We must have been quite a sight to the British as I was perpetually lying down on the ground trying to get Basil's 6 inch high POV of London with my Nikon lens. We performed the same antics in front of Buckingham Palace,Tower Bridge and everywhere else that our brave intrepid little mouse might travel. Patty and I spent a late night in the East End of London because at that time it was filled with dilapidated buidings bordering the waterfront dating back to the Victorian age and beyond which was perfect for the Ratigan section. When the tube stopped off in Whitechapel, Patty and I were the only ones to step off into a deserted station. During our quest we also crossed the footsteps of Jack the Ripper while taking our photos. We became uneasy as we realized that we were alone in a deadend rundown section of cobblestone. The cabs didn't come to this part of town so we starting walking to the nearest tube which wasn't as close as we were hoping. As our imaginations kicked in, our pace got quicker until we eventually found ourselves safe and warm in our B&B back in Kensington Gardens. We hit Toystores while in London and brought back a collection of wind up tin toys and Victorian styled dolls that would make your hair stand on end. I made a corner of my room at Disney into a sort of turn of the century toyshop complete with fake iron window mullions made of balsa and cardboard.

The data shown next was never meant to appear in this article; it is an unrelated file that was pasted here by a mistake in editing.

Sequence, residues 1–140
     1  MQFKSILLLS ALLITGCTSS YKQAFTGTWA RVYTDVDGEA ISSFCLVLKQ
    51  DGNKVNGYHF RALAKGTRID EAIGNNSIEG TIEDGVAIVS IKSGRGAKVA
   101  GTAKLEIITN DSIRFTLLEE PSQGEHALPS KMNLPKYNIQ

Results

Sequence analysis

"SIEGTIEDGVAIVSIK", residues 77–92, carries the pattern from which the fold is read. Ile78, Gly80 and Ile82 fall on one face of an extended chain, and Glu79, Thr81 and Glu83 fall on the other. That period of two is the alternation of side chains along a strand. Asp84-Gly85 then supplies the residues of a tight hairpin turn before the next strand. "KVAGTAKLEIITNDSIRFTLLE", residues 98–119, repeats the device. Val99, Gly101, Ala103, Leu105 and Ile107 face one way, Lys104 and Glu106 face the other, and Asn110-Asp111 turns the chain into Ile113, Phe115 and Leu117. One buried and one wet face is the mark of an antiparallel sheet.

A rough pastel concept for Basil's domicile
We also searched for the home of London's most famous detective. Although the 221 B Baker Street address of Sherlock Holmes didn't exist when Sir Arthur Conan Doyle wrote the adventure, we were able to find the Shelock Holmes Museum which is situated in a 1815 house similar to the one described in the stories. We also spent the afternoon in the Sherlock Holmes Pub which featured an extremely detailed replica of Mr. Holmes' apartment along with his collection of oddities. Don Griffith and Vance Gerry had both tipped me off about this place and I was glad they did.